265t TO weight is still less than a A343 (275t), maybe they can just use the center gear of the A343, its likely to be only a minor problem for them to sort out


User currently offlineA319XFW From , joined Dec 1969, posts, RR:
Reply 10, posted (8 years 7 months 1 week 1 day 7 hours ago) and read 11601 times:

Quoting Trex8 (Reply 9):
265t TO weight is still less than a A343 (275t), maybe they can just use the center gear of the A343, its likely to be only a minor problem for them to sort out

That's easy for you to say Big grin


User currently offlineOyKIE From Norway, joined Jan 2006, 2754 posts, RR: 4
Reply 11, posted (8 years 7 months 1 week 1 day 7 hours ago) and read 11572 times:

How will this affect Airbus plans for a A340 enhanced? In my opinion stretching and making the A350 more powerful seems like a much better idea IMO. Although it might be difficult to stretch the A350 as long as the A340-600. That would require a new wing.


Dream no small dream; it lacks magic. Dream large, then go make that dream real - Donald Douglas
User currently offlineZvezda From Lithuania, joined Aug 2004, 10511 posts, RR: 64
Reply 12, posted (8 years 7 months 1 week 1 day 7 hours ago) and read 11544 times:

Quoting Kaneporta1 (Reply 4):
this would be the definite 772ER killer.

The A350-900 as currently defined is already a B777-200ER killer.

Quoting FlyDreamliner (Reply 8):
I wonder how the GP7000's compete with GEnx for fuel burn?

The GP7000 has nearly 10% higher SFC than the GEnx. About 0.561 vs 0.515. A GP7000 reworked for the A350 would probably be somewhat lower than 0.561 but I doubt they would get down to 0.515 and still be able to recoup development costs.


User currently offlineKappel From Suriname, joined Jul 2005, 3533 posts, RR: 17
Reply 13, posted (8 years 7 months 1 week 1 day 7 hours ago) and read 11544 times:

Quoting Trex8 (Reply 9):
265t TO weight is still less than a A343 (275t), maybe they can just use the center gear of the A343, its likely to be only a minor problem for them to sort out

How much weight is saved from the Al-Li fuselage and composite wings compared to the a343? Doesn't that cover the difference?



L1011,733,734,73G,738,743,744,752,763,772,77W,DC855,DC863,DC930,DC950,MD11,MD88,306,319,320,321,343,346,ARJ85,CR7,E195
User currently offlineTrex8 From United States of America, joined Nov 2002, 4787 posts, RR: 14
Reply 14, posted (8 years 7 months 1 week 1 day 7 hours ago) and read 11455 times:
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IIRC Airbus was saying the A350s new materials would save something in the order of <10 tons, maybe even half that, and then you lose 2+ tons worth from the heavier new GEnx and Trent1000 engines.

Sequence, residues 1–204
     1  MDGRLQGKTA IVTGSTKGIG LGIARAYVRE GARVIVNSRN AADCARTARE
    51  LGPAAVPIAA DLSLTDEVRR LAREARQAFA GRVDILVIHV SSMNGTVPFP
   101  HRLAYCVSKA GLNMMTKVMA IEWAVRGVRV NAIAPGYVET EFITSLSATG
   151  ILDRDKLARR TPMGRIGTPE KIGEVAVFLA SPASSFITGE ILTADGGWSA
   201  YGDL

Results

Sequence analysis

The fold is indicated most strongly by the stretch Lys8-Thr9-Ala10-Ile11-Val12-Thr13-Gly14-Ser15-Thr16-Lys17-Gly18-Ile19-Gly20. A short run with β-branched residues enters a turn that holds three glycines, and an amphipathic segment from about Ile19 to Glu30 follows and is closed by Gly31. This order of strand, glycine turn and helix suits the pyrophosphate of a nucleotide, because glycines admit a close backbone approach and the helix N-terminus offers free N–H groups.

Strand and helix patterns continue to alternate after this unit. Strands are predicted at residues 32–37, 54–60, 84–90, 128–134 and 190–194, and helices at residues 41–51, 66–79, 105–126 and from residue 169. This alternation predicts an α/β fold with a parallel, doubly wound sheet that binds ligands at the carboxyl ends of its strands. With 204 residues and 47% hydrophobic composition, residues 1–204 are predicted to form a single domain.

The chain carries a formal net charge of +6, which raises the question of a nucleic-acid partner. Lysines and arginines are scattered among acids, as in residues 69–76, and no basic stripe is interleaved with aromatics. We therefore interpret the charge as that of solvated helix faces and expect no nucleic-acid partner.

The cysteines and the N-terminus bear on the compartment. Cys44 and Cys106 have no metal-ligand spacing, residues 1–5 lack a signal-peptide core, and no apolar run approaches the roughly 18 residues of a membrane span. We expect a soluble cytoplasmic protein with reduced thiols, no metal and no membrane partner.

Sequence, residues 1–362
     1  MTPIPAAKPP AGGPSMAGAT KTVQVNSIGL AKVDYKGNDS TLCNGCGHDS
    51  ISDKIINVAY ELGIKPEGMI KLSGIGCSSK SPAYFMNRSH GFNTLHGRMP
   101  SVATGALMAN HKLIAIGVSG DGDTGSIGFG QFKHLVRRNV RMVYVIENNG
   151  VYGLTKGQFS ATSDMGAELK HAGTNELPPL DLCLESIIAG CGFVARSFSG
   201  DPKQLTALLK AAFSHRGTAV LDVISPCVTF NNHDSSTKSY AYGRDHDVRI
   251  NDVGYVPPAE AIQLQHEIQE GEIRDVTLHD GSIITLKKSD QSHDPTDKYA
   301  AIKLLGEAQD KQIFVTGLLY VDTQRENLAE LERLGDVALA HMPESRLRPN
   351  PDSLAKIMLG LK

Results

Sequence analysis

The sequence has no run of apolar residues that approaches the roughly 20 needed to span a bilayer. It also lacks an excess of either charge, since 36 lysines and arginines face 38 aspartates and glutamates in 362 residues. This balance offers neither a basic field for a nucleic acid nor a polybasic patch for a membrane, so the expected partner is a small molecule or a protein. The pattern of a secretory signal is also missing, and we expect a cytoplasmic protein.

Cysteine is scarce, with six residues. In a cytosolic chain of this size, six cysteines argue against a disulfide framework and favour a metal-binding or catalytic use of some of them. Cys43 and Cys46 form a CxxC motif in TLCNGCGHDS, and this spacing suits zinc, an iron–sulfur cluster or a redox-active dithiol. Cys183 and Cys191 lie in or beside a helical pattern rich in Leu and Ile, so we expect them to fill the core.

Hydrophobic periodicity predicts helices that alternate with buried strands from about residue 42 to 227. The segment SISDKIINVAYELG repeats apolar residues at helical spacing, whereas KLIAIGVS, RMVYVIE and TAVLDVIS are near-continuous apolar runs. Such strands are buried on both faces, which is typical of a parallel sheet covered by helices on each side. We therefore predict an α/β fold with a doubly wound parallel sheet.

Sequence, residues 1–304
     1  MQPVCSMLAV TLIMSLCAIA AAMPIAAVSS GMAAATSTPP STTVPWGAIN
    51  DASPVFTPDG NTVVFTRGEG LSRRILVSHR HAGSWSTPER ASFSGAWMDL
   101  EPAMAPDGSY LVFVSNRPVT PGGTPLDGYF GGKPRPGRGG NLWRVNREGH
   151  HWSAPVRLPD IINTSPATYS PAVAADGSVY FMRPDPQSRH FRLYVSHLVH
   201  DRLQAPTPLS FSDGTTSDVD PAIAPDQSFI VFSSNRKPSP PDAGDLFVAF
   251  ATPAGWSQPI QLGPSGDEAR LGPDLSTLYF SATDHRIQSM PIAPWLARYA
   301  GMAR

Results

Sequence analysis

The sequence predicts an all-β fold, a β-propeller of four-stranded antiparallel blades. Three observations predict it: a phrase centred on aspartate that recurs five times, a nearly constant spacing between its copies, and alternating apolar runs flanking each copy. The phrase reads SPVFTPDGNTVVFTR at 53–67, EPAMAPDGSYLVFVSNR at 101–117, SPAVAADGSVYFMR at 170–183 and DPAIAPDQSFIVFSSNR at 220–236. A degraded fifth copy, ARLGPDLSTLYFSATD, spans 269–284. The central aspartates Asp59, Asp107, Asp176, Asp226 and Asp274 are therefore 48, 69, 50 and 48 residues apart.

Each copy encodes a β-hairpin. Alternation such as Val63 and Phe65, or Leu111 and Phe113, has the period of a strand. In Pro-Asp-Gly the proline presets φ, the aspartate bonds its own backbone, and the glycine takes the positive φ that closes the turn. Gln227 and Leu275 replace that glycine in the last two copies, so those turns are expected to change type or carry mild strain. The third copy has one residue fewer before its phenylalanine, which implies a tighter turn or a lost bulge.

User currently offlineScbriml From United Kingdom, joined Jul 2003, 12635 posts, RR: 46
Reply 15, posted (8 years 7 months 1 week 1 day 7 hours ago) and read 11400 times:
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Quoting Kaneporta1 (Reply 4):
and a center landing gear or a 777 style gear would be needed



Quoting Trex8 (Reply 9):
maybe they can just use the center gear of the A343

Did you actually read the article?

Quote:
“We could achieve this with the existing gear using larger wheels and tyres without running into ACN [runway weight loading] problems,” he says.

Shortly after the A350 was launched, Airbus stated that they were "beefing up" the undercarriage to cope with higher weight variants.



Time flies like an arrow, but fruit flies like a banana!
User currently offlineKappel From Suriname, joined Jul 2005, 3533 posts, RR: 17
Reply 16, posted (8 years 7 months 1 week 1 day 7 hours ago) and read 11379 times:

Quoting Trex8 (Reply 14):
IIRC Airbus was saying the A350s new materials would save something in the order of <10 tons, maybe even half that, and then you lose 2+ tons worth from the heavier new GEnx and Trent1000 engines.

OK thanks, so that weight saving, coupled with this quote:

Quoting Scbriml (Reply 15):
�We could achieve this with the existing gear using larger wheels and tyres without running into ACN [runway weight loading] problems,�

should cover the increase in weight. Good to see Airbus is reacting.



L1011,733,734,73G,738,743,744,752,763,772,77W,DC855,DC863,DC930,DC950,MD11,MD88,306,319,320,321,343,346,ARJ85,CR7,E195
User currently offlineBoeingBus From United States of America, joined May 2004, 1597 posts, RR: 18
Reply 17, posted (8 years 7 months 1 week 1 day 7 hours ago) and read 11287 times:

But the biggest problem for the A350 still lies in the fuselage width. This alone will prove to be a problem even after new models are introduced.

Again, I don't seem to understand Airbus' reluctance to go all new design for the A350. I believe if Airbus were to do this they would for sure have a wider fuselage to better compete with the 777/787.



Airbus or Boeing - it's all good to me!
User currently offlineN328KF From United States of America, joined May 2004, 6491 posts, RR: 3
Reply 18, posted (8 years 7 months 1 week 1 day 6 hours ago) and read 11220 times:

Quoting Kappel (Reply 16):
should cover the increase in weight. Good to see Airbus is reacting.

Not really. The whole story of the A350 has been "react, react, react." They should be proactive, and get Boeing to react for a chance.



When they call the roll in the Senate, the Senators do not know whether to answer 'Present' or 'Not guilty.' T.Roosevelt
User currently offlineAstuteman From United Kingdom, joined Jan 2005, 10111 posts, RR: 97
Reply 19, posted (8 years 7 months 1 week 1 day 6 hours ago) and read 11142 times:
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Quoting Trex8 (Reply 9):
265t TO weight is still less than a A343 (275t), maybe they can just use the center gear of the A343, its likely to be only a minor problem for them to sort out



Quoting Scbriml (Reply 15):
Shortly after the A350 was launched, Airbus stated that they were "beefing up" the undercarriage to cope with higher weight variants.